Today Bon Appétit Management Company announced its agreement with the Exploratorium, in partnership with acclaimed San Francisco chef Loretta Keller, to create seasonal and sustainable fare at the museum’s new Pier 15 site on the Embarcadero at Green Street, when it relocates in 2013. Under Ms. Keller’s direction, the award-winning, Palo Alto–based food service group will procure and prepare all of the food for the new museum site, including the sidewalk café on the west side of the pier off the Embarcadero and the waterfront café on the east side, in the all-glass Bay Observatory Building.
The Silicon Valley/San Jose Business Journal has included Maisie Greenawalt on its annual Women of Influence list, recognizing 100 female executives who are making significant change in their industries and their communities. An advocate for sustainability in the food system in general and farmworker rights in particular, Maisie joins heroines of technology, banking, healthcare, and more.
From the Getty Center in Los Angeles to Massachusetts Institute of Technology in Boston, diners at Bon Appétit Management Company cafés around the nation will notice quite a few menu changes on Thursday, April 19, Bon Appétit’s fifth annual Low Carbon Diet Day. However, responsible food sourcing is just part of Bon Appétit’s ongoing Low Carbon Diet strategy to reduce the greenhouse gas emissions resulting from our food service operations. Go behind the kitchen doors, and you’ll find a lot more than lightbulb swapping under way to meet our goal of reducing our energy and water usage by 25%.
The International Association of Culinary Professionals (IACP) has given CEO and founder Fedele Bauccio its Lifetime Achievement Award, for revolutionizing the food service industry. In 1987 Fedele began hiring real chefs to cook real food from scratch for his new company’s corporate and university diners. In the 25 years since then, Bauccio’s initial focus on flavor has become a quest to use Bon Appétit’s purchasing power to transform the supply chain into a more sustainable model — one that values small, local farmers; humane animal treatment; farmworker welfare; and more.
Bon Appétit Management Company has announced the rollout of the food service industry’s most comprehensive farm animal welfare policy to date, to applause from The Humane Society of the United States. It is requiring that all pork it serves be produced without using gestation crates and all eggs without battery cages by 2015.
CEO Fedele Bauccio has been named 2011’s Sustainability Pathfinder by Chefs Collaborative, the country’s top professional organization dedicated to a more sustainable, local, and delicious food system. A panel of 21 culinary leaders selected him for this prestigious award, which honors efforts beyond the kitchen.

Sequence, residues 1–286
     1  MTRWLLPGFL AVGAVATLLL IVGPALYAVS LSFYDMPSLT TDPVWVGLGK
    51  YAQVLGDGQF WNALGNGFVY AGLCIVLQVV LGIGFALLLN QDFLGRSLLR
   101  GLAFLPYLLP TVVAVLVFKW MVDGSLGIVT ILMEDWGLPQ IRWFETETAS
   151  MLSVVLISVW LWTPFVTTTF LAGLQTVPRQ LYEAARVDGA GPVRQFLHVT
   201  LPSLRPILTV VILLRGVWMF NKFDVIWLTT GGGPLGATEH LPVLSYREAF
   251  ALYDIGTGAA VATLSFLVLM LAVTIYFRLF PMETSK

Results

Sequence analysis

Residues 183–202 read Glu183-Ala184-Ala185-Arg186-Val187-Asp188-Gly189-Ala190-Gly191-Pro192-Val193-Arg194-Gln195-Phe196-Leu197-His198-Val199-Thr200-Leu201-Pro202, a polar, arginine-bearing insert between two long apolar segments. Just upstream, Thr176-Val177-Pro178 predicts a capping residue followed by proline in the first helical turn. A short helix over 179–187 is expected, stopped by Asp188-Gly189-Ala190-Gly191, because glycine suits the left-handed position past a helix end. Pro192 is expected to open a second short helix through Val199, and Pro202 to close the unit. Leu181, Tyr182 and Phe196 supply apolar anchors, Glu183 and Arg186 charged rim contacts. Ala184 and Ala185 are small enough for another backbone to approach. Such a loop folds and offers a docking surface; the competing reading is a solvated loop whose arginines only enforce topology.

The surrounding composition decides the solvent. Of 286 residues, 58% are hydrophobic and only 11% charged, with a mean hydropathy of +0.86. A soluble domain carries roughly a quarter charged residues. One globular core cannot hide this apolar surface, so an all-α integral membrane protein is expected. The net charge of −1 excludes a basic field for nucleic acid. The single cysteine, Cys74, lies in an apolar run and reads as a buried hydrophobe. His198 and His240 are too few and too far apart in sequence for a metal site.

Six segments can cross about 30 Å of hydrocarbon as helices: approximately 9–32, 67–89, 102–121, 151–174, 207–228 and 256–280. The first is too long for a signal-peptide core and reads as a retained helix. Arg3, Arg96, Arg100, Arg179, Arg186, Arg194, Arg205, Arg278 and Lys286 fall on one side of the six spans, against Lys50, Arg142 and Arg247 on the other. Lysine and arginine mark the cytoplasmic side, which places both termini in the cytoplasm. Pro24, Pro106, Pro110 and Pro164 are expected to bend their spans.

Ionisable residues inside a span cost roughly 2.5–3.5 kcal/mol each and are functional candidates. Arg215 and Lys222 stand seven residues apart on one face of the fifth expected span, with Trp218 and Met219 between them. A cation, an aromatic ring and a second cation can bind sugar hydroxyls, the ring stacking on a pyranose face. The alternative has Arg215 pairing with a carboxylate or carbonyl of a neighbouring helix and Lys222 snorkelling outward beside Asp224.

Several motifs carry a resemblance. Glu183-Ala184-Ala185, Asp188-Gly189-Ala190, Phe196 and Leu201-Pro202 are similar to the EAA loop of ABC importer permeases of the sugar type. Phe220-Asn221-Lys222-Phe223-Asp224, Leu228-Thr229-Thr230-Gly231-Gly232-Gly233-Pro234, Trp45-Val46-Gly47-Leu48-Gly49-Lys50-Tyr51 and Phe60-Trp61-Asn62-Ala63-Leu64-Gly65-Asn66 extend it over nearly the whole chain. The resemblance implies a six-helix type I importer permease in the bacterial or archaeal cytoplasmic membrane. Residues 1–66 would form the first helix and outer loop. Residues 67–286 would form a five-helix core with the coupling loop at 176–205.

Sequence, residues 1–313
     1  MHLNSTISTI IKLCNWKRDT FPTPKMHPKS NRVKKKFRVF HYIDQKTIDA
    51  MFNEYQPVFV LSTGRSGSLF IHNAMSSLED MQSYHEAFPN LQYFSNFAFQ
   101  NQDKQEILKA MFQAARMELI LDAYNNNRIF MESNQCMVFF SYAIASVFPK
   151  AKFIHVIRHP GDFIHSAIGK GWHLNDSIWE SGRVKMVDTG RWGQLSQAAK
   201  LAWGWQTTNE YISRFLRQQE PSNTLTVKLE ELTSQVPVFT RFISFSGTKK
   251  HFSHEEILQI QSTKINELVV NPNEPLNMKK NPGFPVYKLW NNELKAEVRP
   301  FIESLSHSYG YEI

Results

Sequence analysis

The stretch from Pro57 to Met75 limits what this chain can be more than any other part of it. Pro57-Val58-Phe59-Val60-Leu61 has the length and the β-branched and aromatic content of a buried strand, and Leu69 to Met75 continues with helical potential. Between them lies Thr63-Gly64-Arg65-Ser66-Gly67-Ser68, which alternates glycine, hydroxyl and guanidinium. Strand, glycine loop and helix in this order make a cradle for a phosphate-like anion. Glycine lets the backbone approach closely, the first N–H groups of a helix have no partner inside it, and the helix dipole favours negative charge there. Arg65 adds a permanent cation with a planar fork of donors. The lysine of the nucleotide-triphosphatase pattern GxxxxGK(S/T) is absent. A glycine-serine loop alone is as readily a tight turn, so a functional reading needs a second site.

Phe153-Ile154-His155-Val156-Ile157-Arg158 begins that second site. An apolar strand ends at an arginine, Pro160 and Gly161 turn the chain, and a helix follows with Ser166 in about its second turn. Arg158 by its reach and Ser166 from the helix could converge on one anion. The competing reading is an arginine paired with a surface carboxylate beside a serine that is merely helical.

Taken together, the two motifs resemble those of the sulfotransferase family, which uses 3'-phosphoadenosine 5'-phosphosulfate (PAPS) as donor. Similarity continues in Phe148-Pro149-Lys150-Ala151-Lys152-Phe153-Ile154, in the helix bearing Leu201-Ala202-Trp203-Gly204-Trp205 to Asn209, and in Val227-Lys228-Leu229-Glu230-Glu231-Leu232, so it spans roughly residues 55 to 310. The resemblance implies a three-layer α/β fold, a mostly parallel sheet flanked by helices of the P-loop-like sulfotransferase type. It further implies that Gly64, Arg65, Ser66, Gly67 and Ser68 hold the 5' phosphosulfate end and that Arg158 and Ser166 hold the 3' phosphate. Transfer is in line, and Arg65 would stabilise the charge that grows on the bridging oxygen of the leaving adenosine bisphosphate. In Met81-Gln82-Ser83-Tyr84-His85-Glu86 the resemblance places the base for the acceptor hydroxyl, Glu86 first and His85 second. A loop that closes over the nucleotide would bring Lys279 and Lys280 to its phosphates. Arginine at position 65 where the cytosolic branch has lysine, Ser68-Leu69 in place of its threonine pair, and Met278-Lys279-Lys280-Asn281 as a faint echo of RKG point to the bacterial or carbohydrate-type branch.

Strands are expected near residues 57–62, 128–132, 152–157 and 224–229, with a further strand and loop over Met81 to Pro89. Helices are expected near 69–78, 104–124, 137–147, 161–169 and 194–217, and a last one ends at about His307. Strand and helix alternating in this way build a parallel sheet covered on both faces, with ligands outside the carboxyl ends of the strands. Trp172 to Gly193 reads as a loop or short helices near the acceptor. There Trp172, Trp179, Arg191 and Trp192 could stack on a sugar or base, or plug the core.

Long known for its ethical sourcing and more recently for its support of farmworkers, Bon Appétit has just supplied Fair Trade Certified™ shirts to student employees through a pilot program in two of its university cafés. The new commitment was timed to honor Fair Trade Month in October.
Bon Appétit Management Company is proud to have been recognized by the 2011 Cruz Reynoso-Ralph Abascal Don Quixote Award from California Rural Legal Assistance, Inc. (CRLA) for our efforts to shine a light on the unfair treatment of the workers who harvest this country’s food.
On Tuesday, September 27, all our chefs at more than 400 locations in 31 states will cook a meal from 100% local ingredients. When we launched our first Eat Local Challenge in 2005, “local food” was a novelty, not a national movement. The reasons to eat food grown by small, local farms remain the same as when we started – because it tastes better, is more nutritious, encourages biodiversity, preserves open space, and protects the environment, to name just a few. However, like our chefs, we’ve learned some important lessons in the years we’ve been going loco for local
Bon Appétit Management Company, the socially and environmentally responsible food services company, announced today that it is adding an important new category to its landmark local-sourcing program, Farm to Fork. Launched in 1999, Farm to Fork now draws from over a thousand small farms and artisans to supply Bon Appétit’s 400-plus cafés in 31 states. The company will extend the program to mid-size poultry and hog farms, cattle ranches, and dairies that meet its stringent criteria. By doing so, it will nourish this critically endangered segment of agriculture known as the “disappearing middle.” And by requiring third-party humane certification, Bon Appétit also hopes to increase the supply of ethically raised meat and poultry, which has not kept up with demand as the meat industry consolidates under ever-more-massive factory farms.